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Off-season dedication sparks in-season success for Seabrook, Keith

by Marcie Garcia /

Duncan Keith signs an autograph for a Chicago Blackhawks' fan.
Brent Seabrook and Duncan Keith are regarded as cornerstones for the rapidly improving defense of the new Chicago Blackhawks. It almost sounds like a promising plotline of a movie: A comeback story about the long, cold winters of a legendary franchise finally triumphing in the big, bad Western Conference.

It’s still too early to tell how the movie will end, but with characters like Seabrook and Keith, a heroic ending could well be in the cards.

Seabrook and Keith, who have been the team’s rock-solid defensive pair since their NHL debuts during the 2005-06 season, have had starring roles in the team’s early success this year.

The players share time on the Chicago defense and each stresses the importance of maintaining conditioning and strength training in the summer, long before the thought of training camp creeps into summertime thoughts.

While most young men enjoy leisurely activities like basking on a white-sanded beach or a night out on the town during the hot summer months, Seabrook and Keith are pounding weights and pedals, instead of beers.

“My summer pretty much consists of training and getting ready for the season and taking care of myself,” says Seabrook, 22. “But what is really fun for me is riding road bikes. I rode just about every day this past summer.”

Seabrook, Chicago’s first-round draft pick, 14th overall, in 2003, spent most of his summer in Vancouver and enjoyed the fresh mountain air that accompanied his trail rides. One of his favorite paths was trekking upward through Cypress Hills, a region of hills located in southwestern Saskatchewan and southeastern Alberta. Its highest point stands 4,816 feet.

“We rode up Cypress Hills this year, so that was exciting,” he says. “Back home, I go by myself just around the house, but every year we have a group that we train with and we go up to Cypress or Stanley Park and ride around. “

Seabrook enjoys biking with Troy Brower, Chicago’s seventh-round draft pick, No. 214, in the 2004 Entry Draft and a fellow British Columbia resident. Seabrook’s younger brother, Keith, a defenseman for the Calgary Hitmen, also is a regular rider, as well as A.J. Baines, a former Chicago teammate.

“On average we go 20-30 miles a day, and on Cypress sometimes upwards of 100-mile rides, but there are different paths that we take, so it varies,” says Seabrook, who rides Cannondale and Perello bikes.

“I love getting out there and away from the gym, get some fresh air. It’s beautiful. And it seems easier if you’re riding in the outdoors for an hour because it seems like 20 minutes, but if you ride for 20 minutes in the gym, it feels like an hour. It’s just nice to get out there.

And it helps you think and clear your head out there, too.”

Keith, 24, also spends his summers British Columbia, where you can catch him on top of a pal’s speedboat listening to metal bands Godsmack and Disturbed, or fishing – a pastime that stems back to his childhood in Fort Francis, Ont. -- his home until he turned 14. But like Seabrook and his passion for biking, Keith doesn’t feel weightlifting is a chore, more a lifestyle, which he is happy to embrace.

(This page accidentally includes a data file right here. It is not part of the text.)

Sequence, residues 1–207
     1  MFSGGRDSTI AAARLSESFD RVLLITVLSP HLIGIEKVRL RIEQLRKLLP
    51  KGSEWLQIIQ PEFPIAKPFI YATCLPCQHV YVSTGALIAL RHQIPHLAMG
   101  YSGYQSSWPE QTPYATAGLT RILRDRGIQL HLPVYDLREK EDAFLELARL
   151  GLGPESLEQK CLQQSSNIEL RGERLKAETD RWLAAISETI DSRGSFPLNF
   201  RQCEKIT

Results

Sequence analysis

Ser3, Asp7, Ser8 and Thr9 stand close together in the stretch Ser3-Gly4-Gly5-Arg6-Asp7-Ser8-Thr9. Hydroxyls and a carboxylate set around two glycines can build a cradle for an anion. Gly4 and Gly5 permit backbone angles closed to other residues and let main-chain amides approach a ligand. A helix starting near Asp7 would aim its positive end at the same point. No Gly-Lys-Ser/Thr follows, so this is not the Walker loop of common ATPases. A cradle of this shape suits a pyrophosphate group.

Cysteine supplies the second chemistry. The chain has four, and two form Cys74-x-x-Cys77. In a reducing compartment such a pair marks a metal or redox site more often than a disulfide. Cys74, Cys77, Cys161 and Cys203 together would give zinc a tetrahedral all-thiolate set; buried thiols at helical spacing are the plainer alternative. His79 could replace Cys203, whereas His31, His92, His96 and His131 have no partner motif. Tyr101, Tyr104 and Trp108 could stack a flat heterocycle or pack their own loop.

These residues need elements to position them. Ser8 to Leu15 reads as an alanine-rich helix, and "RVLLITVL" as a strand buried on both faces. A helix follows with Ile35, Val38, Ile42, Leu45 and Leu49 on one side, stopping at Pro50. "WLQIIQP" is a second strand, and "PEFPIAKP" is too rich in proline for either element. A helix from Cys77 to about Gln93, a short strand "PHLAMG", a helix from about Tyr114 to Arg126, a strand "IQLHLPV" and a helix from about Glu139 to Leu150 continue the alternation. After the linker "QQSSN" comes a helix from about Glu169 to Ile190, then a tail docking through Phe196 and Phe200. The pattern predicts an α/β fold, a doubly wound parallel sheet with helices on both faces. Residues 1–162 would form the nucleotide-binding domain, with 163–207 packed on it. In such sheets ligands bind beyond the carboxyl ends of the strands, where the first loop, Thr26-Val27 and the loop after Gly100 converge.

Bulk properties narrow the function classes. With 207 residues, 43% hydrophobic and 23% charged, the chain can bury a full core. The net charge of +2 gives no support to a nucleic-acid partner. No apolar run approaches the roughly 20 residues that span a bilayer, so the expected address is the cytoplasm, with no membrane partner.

“In the summer I like to take some time off and relax a little bit, but nowadays you jump into training right away and try to improve every summer,” Keith said. “In the off-season, something that I do a lot of is weightlifting and conditioning, and lucky for me, I enjoy it. It’s just a lifestyle for me. It gets you started in your day.”

Chicago Blackhawks' Patrick Kane, Brent Seabrook, and Duncan Keith celebrate a goal versus the Detroit Red Wings Oct. 12, 2007.

Keith has learned which physical workouts work best for him. Years of working with professional trainers in his hockey career has allowed Keith to create a custom-made regimen that includes free weights, a physio ball and squats. Lots of squats.

“I kind of do my own thing that I’ve done for a while that I’ve learned from different trainers over the years,” Keith says. “But I stick with what helps me and implement what I can from what I’ve learned.”

Keith, coming off a career high of 29 assists and 31 points last season, is up around 8 a.m. on summer mornings, grabs a quick bite and heads to the gym, where he makes himself useful for 2-1/2 hours. Keith works at strengthening his core and legs to promote a steady balance on the ice, but what Keith won’t have any part of is any type of workout machine.

But just because he prefers the old fashioned way of pumping iron, it doesn’t mean he’s opposed to trying something new-age.

“Over the years, I kind of got into yoga a little bit,” he says, “but a lot of my stuff I do with my legs already involves stretching your muscles and flexibility with the weights. I still do it a little bit of yoga, but not as much as I should.”

Keith most likely will stick to dumbbells, in which he has repped four sets of five, using 201 pounds of weight. Yet he says he’s done nothing “too” crazy.

It’s no secret the Blackhawks are creating a stir throughout the NHL. Their come-from-behind, edge-of-your-seat victories have been hot water-cooler topics.

The starring talents of Jonathan Toews (third-overall pick, 2006) and Patrick Kane (first overall selection in 2007) are living up to expectations, but the Hawks aren’t riding on any one player’s coattails. They’re an ensemble cast.

Seabrook and Keith clearly are huge parts of that ensemble cast. Their commitment to their roles is helping Chicago turn the corner and soon author the stunning final scene in the renaissance plotline.

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